Clifton-Dey, RichardCover artistsecondary authorsome editionsconfirmed
Podevin, Jean-FrançoisCover artistsecondary authorsome editionsconfirmed
Potter, Jeffrey KCover artistsecondary authorsome editionsconfirmed
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To my wife, Serena
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From between two trees at the crest of the hill a very old man watched, with a nostalgic longing he thought he'd lost all capacity for, as the last group of picnickers packed up their baskets, mounted their horses, and rode away south...
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Haiku summary
when literature/
crosses with mad science and/
meets ancient magic

(lachapakhan)

Amazon.com Amazon.com Review (ISBN 0441004016, Paperback)

Author Tim Powers evokes 17th-century England with a combination of meticulously researched historic detail and imaginative flights in this sci-fi tale of time travel. Winner of the 1984 Philip K. Dick Award for best original science fiction paperback, this 1989 edition of the book that took the fantasy world by storm is the first hardcover version to be published in the United States. In his brief introduction, Ramsey Campbell sets The Anubis Gates in an adventure context, citing Powers's achievement of "extraordinary scenes of underground horror, of comedy both high and grotesque, of bizarre menace, of poetic fantasy."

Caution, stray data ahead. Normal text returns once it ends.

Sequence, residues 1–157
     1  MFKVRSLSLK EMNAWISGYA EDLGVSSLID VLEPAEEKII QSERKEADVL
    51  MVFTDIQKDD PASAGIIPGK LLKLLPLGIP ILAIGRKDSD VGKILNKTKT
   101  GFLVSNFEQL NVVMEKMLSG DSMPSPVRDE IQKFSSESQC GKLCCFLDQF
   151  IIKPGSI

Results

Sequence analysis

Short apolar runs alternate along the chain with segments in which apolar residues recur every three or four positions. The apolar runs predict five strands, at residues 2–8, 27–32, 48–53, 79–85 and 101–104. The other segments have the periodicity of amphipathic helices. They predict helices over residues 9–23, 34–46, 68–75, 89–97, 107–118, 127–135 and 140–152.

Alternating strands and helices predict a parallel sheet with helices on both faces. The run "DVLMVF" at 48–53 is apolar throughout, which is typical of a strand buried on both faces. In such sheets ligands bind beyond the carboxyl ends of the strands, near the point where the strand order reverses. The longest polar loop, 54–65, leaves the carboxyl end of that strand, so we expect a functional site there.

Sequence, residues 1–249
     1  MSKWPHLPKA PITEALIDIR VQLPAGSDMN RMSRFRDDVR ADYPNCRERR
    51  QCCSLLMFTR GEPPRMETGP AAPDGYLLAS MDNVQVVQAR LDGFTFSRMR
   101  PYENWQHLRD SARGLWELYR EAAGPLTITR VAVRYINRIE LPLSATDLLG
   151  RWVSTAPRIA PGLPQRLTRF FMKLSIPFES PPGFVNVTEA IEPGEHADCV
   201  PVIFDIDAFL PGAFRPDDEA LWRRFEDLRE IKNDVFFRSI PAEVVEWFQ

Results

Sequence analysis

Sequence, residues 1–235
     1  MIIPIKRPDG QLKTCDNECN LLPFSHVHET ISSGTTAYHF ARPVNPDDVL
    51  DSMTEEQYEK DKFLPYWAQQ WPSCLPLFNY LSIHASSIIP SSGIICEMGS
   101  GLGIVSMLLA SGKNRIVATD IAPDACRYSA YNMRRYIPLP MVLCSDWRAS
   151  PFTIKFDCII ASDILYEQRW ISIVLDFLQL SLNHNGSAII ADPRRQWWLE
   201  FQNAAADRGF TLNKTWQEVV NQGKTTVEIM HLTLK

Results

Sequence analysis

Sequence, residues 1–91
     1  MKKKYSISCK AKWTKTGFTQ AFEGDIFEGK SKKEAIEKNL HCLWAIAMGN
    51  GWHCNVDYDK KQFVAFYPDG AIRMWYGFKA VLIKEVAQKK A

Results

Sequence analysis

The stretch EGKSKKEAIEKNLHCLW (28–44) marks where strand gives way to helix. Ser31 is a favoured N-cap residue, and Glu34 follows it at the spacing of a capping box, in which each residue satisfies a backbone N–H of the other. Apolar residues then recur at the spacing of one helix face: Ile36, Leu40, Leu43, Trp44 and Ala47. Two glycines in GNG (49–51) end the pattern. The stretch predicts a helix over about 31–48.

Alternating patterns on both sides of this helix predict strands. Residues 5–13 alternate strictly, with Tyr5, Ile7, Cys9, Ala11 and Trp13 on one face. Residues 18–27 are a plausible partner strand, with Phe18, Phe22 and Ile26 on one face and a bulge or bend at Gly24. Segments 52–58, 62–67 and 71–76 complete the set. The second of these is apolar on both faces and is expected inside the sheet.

The colonization of Egypt by western European powers is the launch point for power plays and machinations. Steeping together in this time-warp stew are such characters as an unassuming Coleridge scholar, ancient gods, wizards, the Knights Templar, werewolves, and other quasi-mortals, all wrapped in the organizing fabric of Egyptian mythology. In the best of fantasy traditions, the reluctant heroes fight for survival against an evil that lurks beneath the surface of their everyday lives.

(retrieved from Amazon Thu, 12 Mar 2015 18:05:51 -0400)

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A novel of time travel that combines action and adventure with the surreal and bizarre.